Internet bug fix spawns backlash from hackers

Security researchers are criticizing hacker Dan Kaminsky for keeping quiet about technical details of a critical DNS flaw.

Hackers are a skeptical bunch, but that doesn't bother Dan Kaminsky, who got a lot of flack from his colleagues in the security research community after claiming to have discovered a critical bug in the Internet's infrastructure.

Kaminsky made headlines on Tuesday by talking about a major flaw in the DNS (Domain Name System), used to connect computers to each other on the Internet. In late March he grouped together 16 companies that make DNS software -- companies like Microsoft, Cisco and Sun Microsystems -- and talked them into fixing the problem and jointly releasing patches for it.

But some of Kaminsky's peers were unimpressed. That's because he violated one of the cardinal rules of disclosure: publicizing a flaw without providing the technical details to verify his finding. On Wednesday he took things a step further on his blog, asking hackers to avoid researching the problem until next month, when he plans to release more information about it at the Black Hat security conference.

The flaw appears to be a serious one that could be exploited in what's called a "cache poisoning attack." These attacks hack the DNS system, using it to redirect victims to malicious Web sites without their knowledge. They have been known about for years but can be hard to pull off. But Kaminsky claims to have found a very effective way of launching such an attack, thanks to a vulnerability in the design of the DNS protocol itself.

On Tuesday, however, Kaminsky held back from disclosing the technical details of his finding.

He said he wanted to go public with the issue to put pressure on corporate IT staff and Internet service providers to update their DNS software, while at the same time keeping the bad guys in the dark about the precise nature of the problem. A full public disclosure of the technical details would make the Internet unsafe, he said in an interview Wednesday. "Right now, none of this stuff needs to go public."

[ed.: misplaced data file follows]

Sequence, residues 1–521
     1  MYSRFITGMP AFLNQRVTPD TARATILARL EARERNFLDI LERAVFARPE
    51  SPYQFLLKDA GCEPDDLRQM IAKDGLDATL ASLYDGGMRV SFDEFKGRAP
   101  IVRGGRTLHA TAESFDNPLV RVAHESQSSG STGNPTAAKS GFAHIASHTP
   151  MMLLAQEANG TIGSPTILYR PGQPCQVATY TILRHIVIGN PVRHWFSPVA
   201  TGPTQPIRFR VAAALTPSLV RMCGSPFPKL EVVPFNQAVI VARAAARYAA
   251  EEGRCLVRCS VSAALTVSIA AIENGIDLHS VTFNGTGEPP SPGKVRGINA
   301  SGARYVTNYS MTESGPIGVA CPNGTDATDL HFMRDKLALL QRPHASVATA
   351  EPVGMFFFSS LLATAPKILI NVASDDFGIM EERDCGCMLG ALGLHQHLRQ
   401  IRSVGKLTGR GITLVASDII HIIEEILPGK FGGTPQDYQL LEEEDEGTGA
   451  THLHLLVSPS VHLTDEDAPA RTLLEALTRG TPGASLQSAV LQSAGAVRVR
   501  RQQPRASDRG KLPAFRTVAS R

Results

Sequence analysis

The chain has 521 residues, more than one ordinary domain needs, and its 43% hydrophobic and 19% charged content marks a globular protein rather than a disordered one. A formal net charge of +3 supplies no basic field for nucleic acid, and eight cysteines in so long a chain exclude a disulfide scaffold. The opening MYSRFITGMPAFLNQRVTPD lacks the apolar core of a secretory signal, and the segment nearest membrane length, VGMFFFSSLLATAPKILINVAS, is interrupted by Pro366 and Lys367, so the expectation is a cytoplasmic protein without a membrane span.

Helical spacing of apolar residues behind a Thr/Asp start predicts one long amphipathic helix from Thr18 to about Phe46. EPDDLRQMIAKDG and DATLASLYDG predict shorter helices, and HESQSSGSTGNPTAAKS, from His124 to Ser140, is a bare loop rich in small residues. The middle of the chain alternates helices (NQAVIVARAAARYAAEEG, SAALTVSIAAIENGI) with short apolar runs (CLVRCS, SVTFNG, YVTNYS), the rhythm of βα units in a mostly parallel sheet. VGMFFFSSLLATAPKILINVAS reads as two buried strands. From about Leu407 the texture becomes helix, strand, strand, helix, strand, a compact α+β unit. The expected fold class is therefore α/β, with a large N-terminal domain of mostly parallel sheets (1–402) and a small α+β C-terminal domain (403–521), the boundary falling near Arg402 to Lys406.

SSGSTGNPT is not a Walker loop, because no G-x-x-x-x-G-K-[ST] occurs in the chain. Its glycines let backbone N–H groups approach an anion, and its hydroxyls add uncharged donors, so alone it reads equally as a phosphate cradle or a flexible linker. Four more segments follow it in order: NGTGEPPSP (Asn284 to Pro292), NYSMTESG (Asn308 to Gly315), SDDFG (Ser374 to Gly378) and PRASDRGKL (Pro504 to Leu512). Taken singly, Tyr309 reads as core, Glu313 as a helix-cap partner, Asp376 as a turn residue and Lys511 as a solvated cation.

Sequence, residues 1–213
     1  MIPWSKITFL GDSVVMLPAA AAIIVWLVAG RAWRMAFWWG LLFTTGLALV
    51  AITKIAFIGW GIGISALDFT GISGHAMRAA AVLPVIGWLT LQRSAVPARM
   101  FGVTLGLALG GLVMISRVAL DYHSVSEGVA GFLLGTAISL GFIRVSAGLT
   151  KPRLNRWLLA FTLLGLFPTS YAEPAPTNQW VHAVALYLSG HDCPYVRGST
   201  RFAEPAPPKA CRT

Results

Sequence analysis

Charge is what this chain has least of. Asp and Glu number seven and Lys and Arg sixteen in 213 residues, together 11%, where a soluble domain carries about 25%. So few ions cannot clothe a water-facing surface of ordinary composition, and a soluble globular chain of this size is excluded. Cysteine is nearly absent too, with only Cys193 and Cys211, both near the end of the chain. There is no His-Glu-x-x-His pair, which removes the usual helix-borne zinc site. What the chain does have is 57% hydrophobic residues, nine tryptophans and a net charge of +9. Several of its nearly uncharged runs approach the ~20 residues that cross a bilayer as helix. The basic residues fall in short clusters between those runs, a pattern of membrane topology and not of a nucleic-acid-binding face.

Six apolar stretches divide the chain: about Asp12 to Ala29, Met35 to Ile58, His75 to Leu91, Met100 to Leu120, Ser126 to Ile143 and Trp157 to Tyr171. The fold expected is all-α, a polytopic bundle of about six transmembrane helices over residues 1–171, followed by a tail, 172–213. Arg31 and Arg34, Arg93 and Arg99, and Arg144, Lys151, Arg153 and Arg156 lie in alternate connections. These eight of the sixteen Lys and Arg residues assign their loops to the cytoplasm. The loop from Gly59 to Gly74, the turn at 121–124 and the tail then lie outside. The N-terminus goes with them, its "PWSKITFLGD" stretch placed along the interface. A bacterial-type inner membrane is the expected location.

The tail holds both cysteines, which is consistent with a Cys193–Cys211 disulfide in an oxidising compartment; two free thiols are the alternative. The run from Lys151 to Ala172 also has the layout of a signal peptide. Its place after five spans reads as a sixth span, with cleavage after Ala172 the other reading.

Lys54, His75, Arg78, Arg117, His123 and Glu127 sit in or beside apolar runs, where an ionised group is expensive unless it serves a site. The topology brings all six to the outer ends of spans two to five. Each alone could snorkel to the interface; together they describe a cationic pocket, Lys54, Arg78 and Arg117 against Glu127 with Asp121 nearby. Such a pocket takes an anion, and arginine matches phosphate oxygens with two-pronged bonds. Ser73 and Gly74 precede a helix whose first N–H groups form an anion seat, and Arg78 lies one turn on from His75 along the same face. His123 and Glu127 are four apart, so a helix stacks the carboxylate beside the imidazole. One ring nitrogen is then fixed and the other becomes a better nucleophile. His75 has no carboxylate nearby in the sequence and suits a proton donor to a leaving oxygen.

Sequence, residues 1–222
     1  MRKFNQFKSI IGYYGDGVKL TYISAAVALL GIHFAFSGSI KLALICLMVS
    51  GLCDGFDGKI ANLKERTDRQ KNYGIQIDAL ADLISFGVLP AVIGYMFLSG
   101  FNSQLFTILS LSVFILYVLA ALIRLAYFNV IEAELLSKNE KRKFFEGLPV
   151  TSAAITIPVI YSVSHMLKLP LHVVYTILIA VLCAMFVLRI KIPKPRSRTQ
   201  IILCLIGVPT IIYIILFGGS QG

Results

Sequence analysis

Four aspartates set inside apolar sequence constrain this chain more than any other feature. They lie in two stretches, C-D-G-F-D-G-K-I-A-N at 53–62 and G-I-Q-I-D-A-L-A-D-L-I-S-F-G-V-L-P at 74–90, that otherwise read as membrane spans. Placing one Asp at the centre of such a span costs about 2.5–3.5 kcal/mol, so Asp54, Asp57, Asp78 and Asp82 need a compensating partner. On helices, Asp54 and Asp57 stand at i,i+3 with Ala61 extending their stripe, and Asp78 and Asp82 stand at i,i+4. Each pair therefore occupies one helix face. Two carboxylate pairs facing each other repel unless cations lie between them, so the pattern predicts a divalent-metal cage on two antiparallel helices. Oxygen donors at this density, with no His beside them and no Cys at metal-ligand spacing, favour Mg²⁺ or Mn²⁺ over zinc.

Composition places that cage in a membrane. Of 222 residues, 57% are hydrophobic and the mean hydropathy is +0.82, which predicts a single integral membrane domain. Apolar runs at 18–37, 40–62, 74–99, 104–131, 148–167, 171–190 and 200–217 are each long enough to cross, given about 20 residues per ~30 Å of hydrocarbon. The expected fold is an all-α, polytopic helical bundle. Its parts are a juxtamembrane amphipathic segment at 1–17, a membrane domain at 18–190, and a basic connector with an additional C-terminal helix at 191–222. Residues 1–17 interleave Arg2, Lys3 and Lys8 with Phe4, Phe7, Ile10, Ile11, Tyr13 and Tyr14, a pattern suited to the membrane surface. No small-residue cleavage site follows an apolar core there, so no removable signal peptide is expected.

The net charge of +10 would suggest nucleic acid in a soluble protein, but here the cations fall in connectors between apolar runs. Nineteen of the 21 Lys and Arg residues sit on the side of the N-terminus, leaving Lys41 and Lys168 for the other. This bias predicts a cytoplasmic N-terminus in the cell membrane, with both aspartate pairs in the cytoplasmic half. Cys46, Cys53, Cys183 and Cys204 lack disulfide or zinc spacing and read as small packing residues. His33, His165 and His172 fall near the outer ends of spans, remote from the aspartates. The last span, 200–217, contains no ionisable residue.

He quickly received a skeptical reaction from Matasano Security researcher Thomas Ptacek, who blogged that Kaminsky's cache poisoning attack is merely one of many disclosures underlining the same well-known problem with DNS -- that it does not do a good enough job in creating random numbers to create unique "session ID" strings when communicating with other computers on the Internet.

"The bug in DNS is that it has a 16-bit session ID," he said via an e-mail Wednesday. "You can't deploy a new Web app with less than 128-bit session IDs. We've known about that fundamental problem since the '90s."

"Here comes the onslaught of interviews and media explosion for another overhyped bug by Dan Kaminsky," wrote a jaded (and anonymous) poster to the Matasano blog.

Over at the SANS Internet Storm Center, a highly respected security blog, one blogger speculated that Kaminsky's bug had actually been disclosed three years earlier.

Join the newsletter!

Error: Please check your email address.
Rocket to Success - Your 10 Tips for Smarter ERP System Selection
Keep up with the latest tech news, reviews and previews by subscribing to the Good Gear Guide newsletter.

Robert McMillan

IDG News Service
Show Comments

Cool Tech

SanDisk MicroSDXC™ for Nintendo® Switch™

Learn more >

Breitling Superocean Heritage Chronographe 44

Learn more >

Toys for Boys

Family Friendly

Panasonic 4K UHD Blu-Ray Player and Full HD Recorder with Netflix - UBT1GL-K

Learn more >

Stocking Stuffer

Razer DeathAdder Expert Ergonomic Gaming Mouse

Learn more >

Christmas Gift Guide

Click for more ›

Most Popular Reviews

Latest Articles

Resources

PCW Evaluation Team

Edwina Hargreaves

WD My Cloud Home

I would recommend this device for families and small businesses who want one safe place to store all their important digital content and a way to easily share it with friends, family, business partners, or customers.

Walid Mikhael

Brother QL-820NWB Professional Label Printer

It’s easy to set up, it’s compact and quiet when printing and to top if off, the print quality is excellent. This is hands down the best printer I’ve used for printing labels.

Ben Ramsden

Sharp PN-40TC1 Huddle Board

Brainstorming, innovation, problem solving, and negotiation have all become much more productive and valuable if people can easily collaborate in real time with minimal friction.

Sarah Ieroianni

Brother QL-820NWB Professional Label Printer

The print quality also does not disappoint, it’s clear, bold, doesn’t smudge and the text is perfectly sized.

Ratchada Dunn

Sharp PN-40TC1 Huddle Board

The Huddle Board’s built in program; Sharp Touch Viewing software allows us to easily manipulate and edit our documents (jpegs and PDFs) all at the same time on the dashboard.

George Khoury

Sharp PN-40TC1 Huddle Board

The biggest perks for me would be that it comes with easy to use and comprehensive programs that make the collaboration process a whole lot more intuitive and organic

Featured Content

Product Launch Showcase

Latest Jobs

Don’t have an account? Sign up here

Don't have an account? Sign up now

Forgot password?